More than 100 debt management firms face losing their licences after the trading watchdog uncovered a catalogue of abuses.
The Office of Fair Trading uncovered widespread bad and sometimes dishonest practices among firms that claim to offer advice to people struggling with debts (see the Debt Problems guide).
It has told 129 companies, a significant proportion of the 300 to 400 active firms, they will lose their consumer licences unless they take immediate action.
The body found companies are often more focused on boosting their profits than helping hard-up families.
Catalogue of problems
It says misleading advertising is one of the main problems, with many firms claiming their service is free when it is not.
The OFT says advisers also often lacked competence and provided poor advice, without collecting enough information on customers' circumstances.
Nearly all of the firms targeted during a mystery shopping exercise failed to give information on all of the debt solutions available.
The watchdog, which carried out an 11-month review, says in some cases it appeared that business models had been set up to take the maximum amount of money from consumers.
Three quarters of firms charged up-front fees, reducing the amount of consumers' money that initially goes towards repaying debt, while some businesses appeared to deliberately "recycle" customers from one debt solution to another, to earn more fees and extract the maximum profit from them.
Consumers are expected to have paid £250 million in fees to debt management companies by the end of this year. Yet these services are available through debt advice charities and government groups for free.
The OFT says there is also a lack of transparency for consumers, with many firms' websites not making the commercial nature of their business clear, nor setting out the fees charged.
It says this makes it difficult for consumers to distinguish between fee-charging firms and charitable bodies.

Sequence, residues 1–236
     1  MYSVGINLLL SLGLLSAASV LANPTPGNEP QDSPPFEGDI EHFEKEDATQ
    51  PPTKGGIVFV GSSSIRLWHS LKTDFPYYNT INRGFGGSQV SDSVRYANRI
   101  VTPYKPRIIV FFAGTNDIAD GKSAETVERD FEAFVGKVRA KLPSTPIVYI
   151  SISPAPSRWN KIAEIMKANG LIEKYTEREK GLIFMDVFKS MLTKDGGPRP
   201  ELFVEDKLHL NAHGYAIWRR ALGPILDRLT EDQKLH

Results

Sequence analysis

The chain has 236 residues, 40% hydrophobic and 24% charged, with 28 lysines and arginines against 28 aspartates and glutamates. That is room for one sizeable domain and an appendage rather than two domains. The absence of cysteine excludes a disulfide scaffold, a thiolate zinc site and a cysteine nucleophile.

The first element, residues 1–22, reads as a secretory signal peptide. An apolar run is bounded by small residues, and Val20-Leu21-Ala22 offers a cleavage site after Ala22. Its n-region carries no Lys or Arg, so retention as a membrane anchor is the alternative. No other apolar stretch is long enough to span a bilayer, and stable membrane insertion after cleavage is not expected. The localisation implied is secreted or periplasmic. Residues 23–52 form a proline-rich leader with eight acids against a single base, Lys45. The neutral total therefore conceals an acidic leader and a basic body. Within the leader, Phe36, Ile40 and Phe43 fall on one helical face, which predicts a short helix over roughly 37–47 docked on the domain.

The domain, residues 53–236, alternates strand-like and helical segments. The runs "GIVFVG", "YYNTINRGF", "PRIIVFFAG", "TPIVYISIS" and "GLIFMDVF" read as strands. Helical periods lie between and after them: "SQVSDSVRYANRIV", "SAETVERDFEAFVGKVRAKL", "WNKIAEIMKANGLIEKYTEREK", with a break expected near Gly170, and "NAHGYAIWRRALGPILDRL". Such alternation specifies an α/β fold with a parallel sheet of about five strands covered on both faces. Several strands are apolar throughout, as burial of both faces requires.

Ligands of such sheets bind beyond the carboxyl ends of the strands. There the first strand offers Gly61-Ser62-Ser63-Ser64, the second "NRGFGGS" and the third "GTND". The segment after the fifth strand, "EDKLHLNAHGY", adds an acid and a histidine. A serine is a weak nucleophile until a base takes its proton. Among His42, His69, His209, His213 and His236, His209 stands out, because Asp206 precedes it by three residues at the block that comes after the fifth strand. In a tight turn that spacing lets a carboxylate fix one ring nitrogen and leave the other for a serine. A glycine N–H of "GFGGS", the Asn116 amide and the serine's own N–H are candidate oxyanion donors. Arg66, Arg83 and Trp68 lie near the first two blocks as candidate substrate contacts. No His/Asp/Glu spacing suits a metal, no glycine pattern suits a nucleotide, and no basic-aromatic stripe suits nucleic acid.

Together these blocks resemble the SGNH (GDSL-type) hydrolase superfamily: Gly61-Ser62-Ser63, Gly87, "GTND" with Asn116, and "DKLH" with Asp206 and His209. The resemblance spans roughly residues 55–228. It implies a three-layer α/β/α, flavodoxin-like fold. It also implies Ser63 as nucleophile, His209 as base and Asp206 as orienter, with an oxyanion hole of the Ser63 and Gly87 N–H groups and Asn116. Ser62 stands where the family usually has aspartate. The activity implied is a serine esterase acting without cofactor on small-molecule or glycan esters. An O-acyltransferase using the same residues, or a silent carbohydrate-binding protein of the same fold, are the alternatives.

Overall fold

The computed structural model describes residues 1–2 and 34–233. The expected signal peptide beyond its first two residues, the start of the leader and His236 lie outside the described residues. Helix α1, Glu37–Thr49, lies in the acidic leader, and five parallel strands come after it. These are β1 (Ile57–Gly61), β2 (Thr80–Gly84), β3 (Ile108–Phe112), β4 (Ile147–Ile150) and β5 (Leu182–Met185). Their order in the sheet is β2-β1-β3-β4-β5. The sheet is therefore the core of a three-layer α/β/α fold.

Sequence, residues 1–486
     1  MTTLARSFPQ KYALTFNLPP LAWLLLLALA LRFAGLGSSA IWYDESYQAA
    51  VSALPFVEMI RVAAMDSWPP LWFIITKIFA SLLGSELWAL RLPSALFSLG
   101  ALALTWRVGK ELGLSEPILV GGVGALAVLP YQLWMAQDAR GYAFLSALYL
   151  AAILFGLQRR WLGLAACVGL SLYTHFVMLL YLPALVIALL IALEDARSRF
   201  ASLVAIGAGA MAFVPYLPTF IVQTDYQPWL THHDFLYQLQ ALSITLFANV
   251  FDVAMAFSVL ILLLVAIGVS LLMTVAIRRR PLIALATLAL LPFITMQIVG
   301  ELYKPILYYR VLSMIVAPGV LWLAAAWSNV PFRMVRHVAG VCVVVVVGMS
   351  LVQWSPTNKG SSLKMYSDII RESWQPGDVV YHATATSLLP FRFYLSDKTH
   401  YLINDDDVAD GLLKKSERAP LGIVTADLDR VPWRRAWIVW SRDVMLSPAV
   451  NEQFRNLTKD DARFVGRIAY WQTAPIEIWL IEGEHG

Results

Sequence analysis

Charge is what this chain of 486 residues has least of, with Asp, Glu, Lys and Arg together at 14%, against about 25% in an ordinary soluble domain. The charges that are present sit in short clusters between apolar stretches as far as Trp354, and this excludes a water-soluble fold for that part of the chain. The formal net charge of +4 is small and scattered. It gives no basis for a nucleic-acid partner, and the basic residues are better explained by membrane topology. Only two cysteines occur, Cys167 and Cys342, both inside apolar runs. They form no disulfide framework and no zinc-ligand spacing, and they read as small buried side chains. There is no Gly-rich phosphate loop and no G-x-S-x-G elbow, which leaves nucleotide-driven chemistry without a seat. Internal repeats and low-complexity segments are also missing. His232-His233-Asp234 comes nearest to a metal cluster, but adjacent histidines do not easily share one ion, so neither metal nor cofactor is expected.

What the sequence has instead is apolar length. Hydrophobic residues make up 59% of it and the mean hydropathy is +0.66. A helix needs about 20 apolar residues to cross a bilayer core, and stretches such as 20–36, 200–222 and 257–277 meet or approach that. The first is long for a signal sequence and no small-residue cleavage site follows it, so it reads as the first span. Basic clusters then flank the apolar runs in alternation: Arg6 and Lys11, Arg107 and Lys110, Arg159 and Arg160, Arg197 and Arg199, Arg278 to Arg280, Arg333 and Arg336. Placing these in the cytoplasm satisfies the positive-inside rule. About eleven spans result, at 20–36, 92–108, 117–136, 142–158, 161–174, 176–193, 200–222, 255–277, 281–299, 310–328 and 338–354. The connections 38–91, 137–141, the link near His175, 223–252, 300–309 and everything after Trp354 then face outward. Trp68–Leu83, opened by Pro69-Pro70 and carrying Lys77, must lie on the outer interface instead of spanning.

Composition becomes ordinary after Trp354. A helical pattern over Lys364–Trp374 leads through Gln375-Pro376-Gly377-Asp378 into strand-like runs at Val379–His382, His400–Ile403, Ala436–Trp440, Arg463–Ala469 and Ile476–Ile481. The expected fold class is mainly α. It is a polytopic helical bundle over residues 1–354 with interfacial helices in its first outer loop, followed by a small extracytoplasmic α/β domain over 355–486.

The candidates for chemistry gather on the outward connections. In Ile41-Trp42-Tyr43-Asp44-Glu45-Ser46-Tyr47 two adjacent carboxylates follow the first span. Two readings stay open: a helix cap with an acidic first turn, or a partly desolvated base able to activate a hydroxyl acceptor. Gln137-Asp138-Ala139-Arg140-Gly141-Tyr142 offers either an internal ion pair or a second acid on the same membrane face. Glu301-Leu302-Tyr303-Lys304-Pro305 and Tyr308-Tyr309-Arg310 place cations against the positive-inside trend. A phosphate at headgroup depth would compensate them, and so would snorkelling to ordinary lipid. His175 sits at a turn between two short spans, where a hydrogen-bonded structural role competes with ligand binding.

Posing as official bodies
In the worst cases, groups were using misleading trading names to make it appear that they are charities or government bodies.
In other cases, firms sought to mis-represent or discredit the services provided by charitable debt advice groups.
The OFT also plans to update its guidance to take into account some of the unfair business practices uncovered, while it will work with the two main trade bodies, the Debt Managers Standards Association and the Debt Resolution Forum, to support initiatives to raise standards.
Ray Watson, director of the OFT's consumer credit group, says: "People who are heavily indebted, desperate and vulnerable need advice which makes their problems better not worse and should not be exploited.
"Debt management firms must be clear about their charges and the options available to consumers. The level of non-compliance we found across the industry is unacceptable.
"We are also looking to the two main industry bodies to lead the way in raising standards and to meet their commitments to make the industry more professional and responsible."
Since April 2008, when the OFT obtained powers under the Consumer Credit Act, it has taken action 37 times to refuse or revoke licences held or applied for by debt management firms.
It has also shut down websites and taken action to stop companies posing as charities, systemic cold-calling and the mis-selling of IVAs.
Andrew Smith, spokesman for the Debt Resolution Forum, says: "We have been working with the OFT to raise standards in the industry for several years.
"We have already put in place two-thirds of the measures that are required to ensure we have an industry that consumers can trust."
Joanna Elson, chief executive of charity, the Money Advice Trust, adds: "We are pleased to see the OFT taking action on this issue. We have long called for better protection from the fee-charging debt management industry for people in debt."
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